Does anyone really want to see the club go down to prove a point? West Ham fans have proved they do not like being misled. But the club is in crisis and the owners, like all owners, are imperfect. The best way to help the team at the moment is to stay united behind them.

Monday, March 12

Why was the Burnley game a low-risk fixture?

It still defies belief that the match against Burnley was categorised as a "low-risk" game by the Safety Advisory Group. Clearly whoever grades games has no input from West Ham fans and doesn't read the papers or go on social media. Yes, a Burnley game would be low-risk normally, but not in the context of recent events. Low-risk meant police did not have to be in the ground. 

There was a large article in the Independent last week about the planned march by the Real West Ham Fans Action Group that was hastily postponed after a meeting with Karren Brady and Sullivan. This also covered the fact that the West Ham Independent Supporters Association still wanted to march and had received threats on Facebook. 

The Evening Standard followed this up with an article on similar lines headlined, "West Ham distance themselves from notorious fan group founded by Inter City Firm members." Saturday's Guardian had a feature headlined, "West Ham fan groups at war after protest march rift", while the Times had a double-page interview with Julian Dicks covering the fans' dissatisfaction with the new stadium and owners. 

The previous week David Gold had been abused by West Ham fans as he left the Swansea stadium. At Liverpool the West Ham away fans displayed that controversial "more damage to the East End than Adolf Hitler" anti-board banner. Then there was the recent release of the club accounts which revealed a £43m profit but less that £2m extra revenue from the new stadium crowds. Every West Ham Facebook and twitter group was talking about the on/off march and there was a lot of anger and frustration that it had been cancelled. 

My daughter couldn't go to the match and I was quite relieved, as it seemed obvious there would be a bad atmosphere and possible trouble. We all knew what it would be like. Even Dr Watson would have probably got the general mood. Why didn't the people who manage the stadium know what was going on? 

Saturday, March 10

Pitch invaders and mayhem as Hammers collapse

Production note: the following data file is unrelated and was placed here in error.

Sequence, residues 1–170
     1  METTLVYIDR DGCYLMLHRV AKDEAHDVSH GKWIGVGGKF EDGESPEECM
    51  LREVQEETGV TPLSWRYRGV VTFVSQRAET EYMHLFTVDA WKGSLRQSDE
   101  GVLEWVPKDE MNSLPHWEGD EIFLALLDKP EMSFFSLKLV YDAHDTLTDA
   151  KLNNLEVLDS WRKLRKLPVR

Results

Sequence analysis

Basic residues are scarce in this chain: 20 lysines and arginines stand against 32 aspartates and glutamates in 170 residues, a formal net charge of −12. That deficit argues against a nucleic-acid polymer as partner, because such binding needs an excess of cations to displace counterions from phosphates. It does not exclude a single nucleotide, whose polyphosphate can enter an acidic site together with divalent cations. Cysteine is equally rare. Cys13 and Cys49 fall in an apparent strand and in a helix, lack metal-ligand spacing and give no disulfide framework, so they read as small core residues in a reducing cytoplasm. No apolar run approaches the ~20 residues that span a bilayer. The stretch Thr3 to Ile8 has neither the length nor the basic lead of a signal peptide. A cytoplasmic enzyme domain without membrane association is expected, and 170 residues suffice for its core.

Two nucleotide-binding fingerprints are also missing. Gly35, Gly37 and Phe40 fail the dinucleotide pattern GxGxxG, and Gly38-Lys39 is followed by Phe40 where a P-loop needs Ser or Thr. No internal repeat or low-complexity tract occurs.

West Ham 0 Burnley 3

It's in to the Circus Cafe at Gerry Raffles Square with Matt, Nigel and Michael as both the Best Cafe and Gerry's Kitchen are closed (again). Nigel's got a copy of the Times with a Julian Dicks interview where the former Hammer recalls the good old days when he had porn mags chucked at him from the Chicken Run. We head off to the London Stadium, where the Circus Cafe's name proves strangely prophetic. 

In the first half the crowd is supportive and gets behind the team. West Ham actually play pretty well and create chances. Arnautovic shoots against the keeper's legs, as does Lanzini, who also fires just wide, while Mario fires over when well placed. Antonio is beating players but not getting in effective crosses while Arnie has one of quieter games, but at least the defence holds out. 

At half time we are at least able to admire the new Jonjo Shelveys beneath our block, with Nigel leaving his 'lucky' banana skin on the shelf for Joe Hart to pick up. 

The second half is summed up by Moyes not acting with his subs and Dyche bringing on Wood as a second striker for Burnley, clearly sensing the game is there to be won. When Barnes slams home Wood's cross from the edge of the box on 66 minutes it all turns toxic. A supporter runs on the pitch and Mark Noble gets involved in a scuffle with him. The stewards are nowhere to be seen and look as proactive as our defence. 

It's not wise of Noble to lose his discipline, but you can't fault his passion and an idiot on the pitch isn't going to help anyone. Nobes shouldn't be having to act as a steward himself. Had there been a protest march today rather than a botched cancellation and civil war among the fan groups, perhaps some of the frustration would have been vented and this wouldn't have happened. But you can't go on to the field of play. To the half dozen Herberts who invaded the pitch, you are not 'real' fans in any way. How will a ground closure or points deduction help West Ham?

There's a long delay and in the bad atmosphere the Hammers rapidly lose concentration and concede another goal to Wood four minutes later. Without the initial pitch invasion we might have retrieved a point, at least. There's another pitch incursion after the second goal as an invader is allowed to grab a corner flag and plant it in the centre circle. The stewarding is again inept. There's also a mass of fans gathered around the directors' box for the rest of the match chanting, "you destroyed our fucking club!" It's all getting very ugly, and again there's no police or stewards.